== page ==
Their 7-3 start was certainly within expectations. However, the wheels soon fell off the Pacific Colliseum. The 1994 Canucks devolved into a middling, punchless offensive team. While their goaltending remained nearly identical in giving up two more goals then they had in 1992-93, the much-ballyhooed offensive machine fell off drastically. After scoring a hefty 346 goals the year before, the Rocket and his men fell 67 goals short of that mark, a statistical Bigfoot.
Bure, of course, could hardly be blamed. He again broke 100 points and scored another 60 goals all on his own. He could not do it on his own, though, as the team slumped their way into the playoffs as a seventh seed. Barely edging the expansion San Jose Sharks and Anaheim Ducks for that lofty position, and with a first-round tilt with Canadian rivals and division champion Calgary Flames, not much was expected of the men in black.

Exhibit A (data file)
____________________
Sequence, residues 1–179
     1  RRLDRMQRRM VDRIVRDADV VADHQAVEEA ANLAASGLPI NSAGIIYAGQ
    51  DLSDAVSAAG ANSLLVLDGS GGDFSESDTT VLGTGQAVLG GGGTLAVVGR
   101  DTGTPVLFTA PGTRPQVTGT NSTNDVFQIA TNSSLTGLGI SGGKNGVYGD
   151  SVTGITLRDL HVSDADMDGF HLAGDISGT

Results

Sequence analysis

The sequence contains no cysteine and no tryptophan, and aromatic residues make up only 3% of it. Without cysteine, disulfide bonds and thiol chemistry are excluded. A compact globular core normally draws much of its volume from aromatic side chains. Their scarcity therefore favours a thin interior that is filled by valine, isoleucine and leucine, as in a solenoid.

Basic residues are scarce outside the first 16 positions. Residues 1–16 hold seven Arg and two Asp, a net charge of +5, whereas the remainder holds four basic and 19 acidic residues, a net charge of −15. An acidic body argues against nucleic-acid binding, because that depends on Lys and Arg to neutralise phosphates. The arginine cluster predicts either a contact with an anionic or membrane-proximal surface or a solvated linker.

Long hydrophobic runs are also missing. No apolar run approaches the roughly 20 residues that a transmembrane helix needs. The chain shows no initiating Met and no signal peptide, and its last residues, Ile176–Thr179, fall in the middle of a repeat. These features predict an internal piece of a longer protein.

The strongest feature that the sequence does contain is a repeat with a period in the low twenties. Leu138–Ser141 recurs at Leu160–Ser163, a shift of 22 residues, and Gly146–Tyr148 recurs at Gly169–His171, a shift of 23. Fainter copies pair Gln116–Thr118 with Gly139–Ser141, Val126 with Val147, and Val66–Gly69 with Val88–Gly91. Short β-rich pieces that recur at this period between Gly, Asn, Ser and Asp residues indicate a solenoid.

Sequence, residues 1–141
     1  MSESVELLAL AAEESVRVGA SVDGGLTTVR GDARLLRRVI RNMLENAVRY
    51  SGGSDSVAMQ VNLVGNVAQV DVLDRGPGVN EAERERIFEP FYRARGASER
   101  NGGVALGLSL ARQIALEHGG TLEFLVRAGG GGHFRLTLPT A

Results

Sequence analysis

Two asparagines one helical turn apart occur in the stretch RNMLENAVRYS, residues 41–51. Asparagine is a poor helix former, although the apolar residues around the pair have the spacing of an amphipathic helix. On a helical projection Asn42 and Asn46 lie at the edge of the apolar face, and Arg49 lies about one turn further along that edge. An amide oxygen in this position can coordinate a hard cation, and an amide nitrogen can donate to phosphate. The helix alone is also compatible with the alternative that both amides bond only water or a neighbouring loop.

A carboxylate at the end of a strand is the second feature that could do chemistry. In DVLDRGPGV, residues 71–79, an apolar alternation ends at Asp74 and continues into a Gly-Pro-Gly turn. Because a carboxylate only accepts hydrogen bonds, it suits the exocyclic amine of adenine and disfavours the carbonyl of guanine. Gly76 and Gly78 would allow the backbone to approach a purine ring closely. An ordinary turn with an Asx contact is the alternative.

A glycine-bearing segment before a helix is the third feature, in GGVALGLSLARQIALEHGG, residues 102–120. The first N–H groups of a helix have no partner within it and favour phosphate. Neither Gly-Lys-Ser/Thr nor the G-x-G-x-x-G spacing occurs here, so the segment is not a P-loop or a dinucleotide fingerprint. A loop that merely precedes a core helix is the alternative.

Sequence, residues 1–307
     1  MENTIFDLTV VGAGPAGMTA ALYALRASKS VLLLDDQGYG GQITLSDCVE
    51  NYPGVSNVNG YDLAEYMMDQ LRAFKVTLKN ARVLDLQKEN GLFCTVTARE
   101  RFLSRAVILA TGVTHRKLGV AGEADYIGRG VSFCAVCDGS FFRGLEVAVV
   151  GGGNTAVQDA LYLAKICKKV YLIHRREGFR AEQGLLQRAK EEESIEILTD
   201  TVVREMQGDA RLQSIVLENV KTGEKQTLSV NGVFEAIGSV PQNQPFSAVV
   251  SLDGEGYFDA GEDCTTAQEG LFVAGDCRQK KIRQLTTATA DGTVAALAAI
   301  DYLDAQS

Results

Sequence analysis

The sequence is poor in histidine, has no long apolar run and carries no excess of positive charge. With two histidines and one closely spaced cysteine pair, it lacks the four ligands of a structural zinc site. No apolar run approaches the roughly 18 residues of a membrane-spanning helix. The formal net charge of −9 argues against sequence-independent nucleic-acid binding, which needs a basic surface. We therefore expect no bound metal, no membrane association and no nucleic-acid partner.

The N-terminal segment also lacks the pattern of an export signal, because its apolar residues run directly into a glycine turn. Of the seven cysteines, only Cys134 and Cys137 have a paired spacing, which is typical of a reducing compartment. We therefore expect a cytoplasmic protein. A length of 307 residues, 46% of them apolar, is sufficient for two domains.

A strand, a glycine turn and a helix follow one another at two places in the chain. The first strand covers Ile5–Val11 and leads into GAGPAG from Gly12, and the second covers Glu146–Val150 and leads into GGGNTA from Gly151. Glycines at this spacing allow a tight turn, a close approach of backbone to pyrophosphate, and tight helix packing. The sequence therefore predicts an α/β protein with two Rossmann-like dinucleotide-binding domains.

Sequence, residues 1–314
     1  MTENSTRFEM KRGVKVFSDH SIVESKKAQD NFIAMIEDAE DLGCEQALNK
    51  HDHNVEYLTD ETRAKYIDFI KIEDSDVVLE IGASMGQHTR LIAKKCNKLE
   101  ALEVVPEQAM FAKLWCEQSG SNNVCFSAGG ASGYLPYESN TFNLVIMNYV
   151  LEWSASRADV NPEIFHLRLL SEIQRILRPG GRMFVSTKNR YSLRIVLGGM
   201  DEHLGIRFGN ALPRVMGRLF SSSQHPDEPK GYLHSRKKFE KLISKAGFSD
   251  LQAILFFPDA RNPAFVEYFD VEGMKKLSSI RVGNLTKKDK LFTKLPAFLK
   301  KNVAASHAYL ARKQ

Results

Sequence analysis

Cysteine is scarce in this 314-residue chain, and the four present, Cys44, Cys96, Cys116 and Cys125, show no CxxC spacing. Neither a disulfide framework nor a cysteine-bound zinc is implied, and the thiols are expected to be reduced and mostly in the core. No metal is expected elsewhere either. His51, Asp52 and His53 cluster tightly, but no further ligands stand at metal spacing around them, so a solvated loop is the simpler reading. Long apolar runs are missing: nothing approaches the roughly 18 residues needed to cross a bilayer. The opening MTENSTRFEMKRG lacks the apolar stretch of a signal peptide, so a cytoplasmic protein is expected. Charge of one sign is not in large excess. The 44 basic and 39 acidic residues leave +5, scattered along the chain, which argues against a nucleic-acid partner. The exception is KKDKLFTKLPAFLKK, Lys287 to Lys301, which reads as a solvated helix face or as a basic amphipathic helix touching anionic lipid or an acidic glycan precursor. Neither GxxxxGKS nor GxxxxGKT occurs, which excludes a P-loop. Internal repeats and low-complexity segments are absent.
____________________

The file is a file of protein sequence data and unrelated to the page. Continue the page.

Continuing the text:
Not unlike the 2012 Kings, another black-crested franchise, something happened to these Canucks. It is not as if they were building momentum late in the season and came into the playoffs warm and loose. They were under .500 in the last month of the season, and in fact the entire calendar year up to that point. And yet somewhere in that locker room, a switch was flipped.
1994 Vancouver Canucks, On Fire